Magazine article The Spectator

Mind Your Language

Magazine article The Spectator

Mind Your Language

Article excerpt

`GIVE me your take on jazz in the 1990s,' Sue Lawley asked Stan Tracey on Desert Island Discs. `Simon Hoggart will be giving his take on the week in politics,' Andrew Rawnsley announced on that programme on Sunday evenings - The Westminster Hour, isn't it?

Take, take, take, that's all we get these days (when it isn't kick in). Perhaps it is a meaning which appeals to a particularly subjective mood of our times, just like the popular adjectival perceived, as in 'a perceived injustice'. Perhaps not, though. These things come in waves, like jellyfish, for no discernible reason. Remember situation, 20 years ago? I thought it would be with us always, but it has subsided.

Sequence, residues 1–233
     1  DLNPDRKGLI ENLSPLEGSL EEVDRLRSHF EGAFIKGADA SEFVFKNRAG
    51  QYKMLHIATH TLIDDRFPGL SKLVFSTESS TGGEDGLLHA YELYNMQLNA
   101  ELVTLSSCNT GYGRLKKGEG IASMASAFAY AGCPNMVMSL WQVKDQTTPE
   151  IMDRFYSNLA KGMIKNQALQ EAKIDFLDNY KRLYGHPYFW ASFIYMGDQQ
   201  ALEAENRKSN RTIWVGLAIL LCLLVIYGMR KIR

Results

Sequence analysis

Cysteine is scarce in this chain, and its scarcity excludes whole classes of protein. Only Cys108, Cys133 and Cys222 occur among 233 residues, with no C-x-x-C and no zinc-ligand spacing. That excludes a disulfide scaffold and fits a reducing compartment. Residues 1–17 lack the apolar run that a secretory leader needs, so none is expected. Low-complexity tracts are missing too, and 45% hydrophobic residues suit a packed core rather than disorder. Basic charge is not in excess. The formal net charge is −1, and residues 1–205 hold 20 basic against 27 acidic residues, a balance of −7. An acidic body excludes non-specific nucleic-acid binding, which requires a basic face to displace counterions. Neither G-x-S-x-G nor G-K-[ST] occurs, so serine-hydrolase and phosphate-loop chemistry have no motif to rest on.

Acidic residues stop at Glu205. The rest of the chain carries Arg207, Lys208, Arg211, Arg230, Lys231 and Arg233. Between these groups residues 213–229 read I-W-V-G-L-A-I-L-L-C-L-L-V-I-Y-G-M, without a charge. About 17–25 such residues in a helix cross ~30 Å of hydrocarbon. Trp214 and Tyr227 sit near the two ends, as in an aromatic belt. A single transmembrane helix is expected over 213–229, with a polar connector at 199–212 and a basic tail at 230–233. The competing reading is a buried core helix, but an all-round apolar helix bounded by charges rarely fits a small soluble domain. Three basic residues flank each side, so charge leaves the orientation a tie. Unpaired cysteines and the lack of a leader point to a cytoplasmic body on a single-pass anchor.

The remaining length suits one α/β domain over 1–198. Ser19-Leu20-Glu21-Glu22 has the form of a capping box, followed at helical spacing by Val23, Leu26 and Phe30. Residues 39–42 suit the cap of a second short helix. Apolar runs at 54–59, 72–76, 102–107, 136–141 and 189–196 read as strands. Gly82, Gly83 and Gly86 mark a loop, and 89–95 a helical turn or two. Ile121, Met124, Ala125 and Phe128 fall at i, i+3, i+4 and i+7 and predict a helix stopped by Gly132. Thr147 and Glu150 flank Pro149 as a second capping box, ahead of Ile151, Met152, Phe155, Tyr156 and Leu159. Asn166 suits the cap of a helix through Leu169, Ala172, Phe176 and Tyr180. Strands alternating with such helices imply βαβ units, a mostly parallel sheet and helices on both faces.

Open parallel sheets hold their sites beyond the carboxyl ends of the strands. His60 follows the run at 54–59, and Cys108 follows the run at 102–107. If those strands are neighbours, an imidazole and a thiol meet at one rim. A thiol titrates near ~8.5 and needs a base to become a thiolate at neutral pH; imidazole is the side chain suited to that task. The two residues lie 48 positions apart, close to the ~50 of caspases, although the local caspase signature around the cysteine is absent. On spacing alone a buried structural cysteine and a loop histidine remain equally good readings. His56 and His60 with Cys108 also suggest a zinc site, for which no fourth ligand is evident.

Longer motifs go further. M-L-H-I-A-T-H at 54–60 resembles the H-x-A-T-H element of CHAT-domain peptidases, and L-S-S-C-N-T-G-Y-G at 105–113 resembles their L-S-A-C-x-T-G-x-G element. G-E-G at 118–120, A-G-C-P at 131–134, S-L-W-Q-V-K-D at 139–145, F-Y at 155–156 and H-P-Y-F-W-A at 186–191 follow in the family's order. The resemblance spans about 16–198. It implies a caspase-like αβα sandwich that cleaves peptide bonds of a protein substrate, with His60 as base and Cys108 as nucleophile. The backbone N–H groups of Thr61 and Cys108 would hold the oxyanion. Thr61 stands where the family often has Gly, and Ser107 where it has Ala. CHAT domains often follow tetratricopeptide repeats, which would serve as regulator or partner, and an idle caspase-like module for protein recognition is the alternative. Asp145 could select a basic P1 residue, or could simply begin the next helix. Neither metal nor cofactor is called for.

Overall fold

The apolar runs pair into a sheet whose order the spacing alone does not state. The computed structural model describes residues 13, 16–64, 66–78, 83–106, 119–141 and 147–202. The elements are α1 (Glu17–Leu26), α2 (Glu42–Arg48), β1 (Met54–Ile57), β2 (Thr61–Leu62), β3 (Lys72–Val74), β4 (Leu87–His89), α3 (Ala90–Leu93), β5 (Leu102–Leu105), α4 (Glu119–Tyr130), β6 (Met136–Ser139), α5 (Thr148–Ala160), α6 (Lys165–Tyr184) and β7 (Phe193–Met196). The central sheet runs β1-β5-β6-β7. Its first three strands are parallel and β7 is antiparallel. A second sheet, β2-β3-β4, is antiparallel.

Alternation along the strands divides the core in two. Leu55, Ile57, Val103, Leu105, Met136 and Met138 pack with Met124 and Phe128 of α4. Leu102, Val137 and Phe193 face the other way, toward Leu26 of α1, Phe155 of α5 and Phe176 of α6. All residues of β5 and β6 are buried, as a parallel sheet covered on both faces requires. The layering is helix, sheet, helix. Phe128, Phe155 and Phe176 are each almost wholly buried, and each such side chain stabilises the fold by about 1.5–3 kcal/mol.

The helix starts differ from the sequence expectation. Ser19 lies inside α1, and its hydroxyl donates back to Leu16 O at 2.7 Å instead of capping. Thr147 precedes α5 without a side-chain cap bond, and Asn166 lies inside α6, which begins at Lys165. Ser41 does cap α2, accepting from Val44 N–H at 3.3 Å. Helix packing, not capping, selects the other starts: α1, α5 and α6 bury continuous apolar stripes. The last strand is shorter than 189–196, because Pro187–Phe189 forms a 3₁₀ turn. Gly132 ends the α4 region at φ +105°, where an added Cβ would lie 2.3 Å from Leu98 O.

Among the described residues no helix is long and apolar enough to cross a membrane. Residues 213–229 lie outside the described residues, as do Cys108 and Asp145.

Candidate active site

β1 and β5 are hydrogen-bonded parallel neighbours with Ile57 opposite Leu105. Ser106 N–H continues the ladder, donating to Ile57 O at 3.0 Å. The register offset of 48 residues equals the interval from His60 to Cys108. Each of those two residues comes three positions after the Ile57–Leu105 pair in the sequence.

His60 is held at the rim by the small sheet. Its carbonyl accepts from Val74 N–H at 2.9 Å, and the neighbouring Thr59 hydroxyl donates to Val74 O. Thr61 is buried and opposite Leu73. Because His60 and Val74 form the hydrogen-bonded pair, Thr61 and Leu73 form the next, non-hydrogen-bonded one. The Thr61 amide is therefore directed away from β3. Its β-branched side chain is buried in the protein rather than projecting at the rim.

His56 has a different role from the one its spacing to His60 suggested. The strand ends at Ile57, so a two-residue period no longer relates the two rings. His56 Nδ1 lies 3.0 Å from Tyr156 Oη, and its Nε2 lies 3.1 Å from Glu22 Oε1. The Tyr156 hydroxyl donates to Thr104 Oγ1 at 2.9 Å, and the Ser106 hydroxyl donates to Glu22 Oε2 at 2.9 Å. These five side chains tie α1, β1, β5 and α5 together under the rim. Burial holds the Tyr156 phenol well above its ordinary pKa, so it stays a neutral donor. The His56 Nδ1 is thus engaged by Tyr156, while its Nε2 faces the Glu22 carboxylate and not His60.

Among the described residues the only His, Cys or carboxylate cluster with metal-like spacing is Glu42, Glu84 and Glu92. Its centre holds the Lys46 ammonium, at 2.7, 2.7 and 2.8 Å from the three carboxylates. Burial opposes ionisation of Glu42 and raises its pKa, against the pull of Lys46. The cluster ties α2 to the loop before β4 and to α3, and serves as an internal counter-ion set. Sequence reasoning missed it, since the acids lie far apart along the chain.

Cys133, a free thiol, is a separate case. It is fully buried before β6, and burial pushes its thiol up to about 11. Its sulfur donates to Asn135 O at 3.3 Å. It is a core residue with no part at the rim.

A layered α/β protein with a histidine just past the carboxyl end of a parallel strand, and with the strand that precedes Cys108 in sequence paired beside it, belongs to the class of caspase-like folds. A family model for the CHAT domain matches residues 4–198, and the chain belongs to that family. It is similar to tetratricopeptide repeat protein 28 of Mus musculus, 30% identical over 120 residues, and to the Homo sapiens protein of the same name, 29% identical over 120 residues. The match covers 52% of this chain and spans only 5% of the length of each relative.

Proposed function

Take is one of those handy words, like set or go, that acquire a thick foliage of meanings. The lush growth of take is mostly verbal, but nouns of various meanings have been adapted from the verb since the 16th century. It naturally came to mean an amount of money taken, like takings. …

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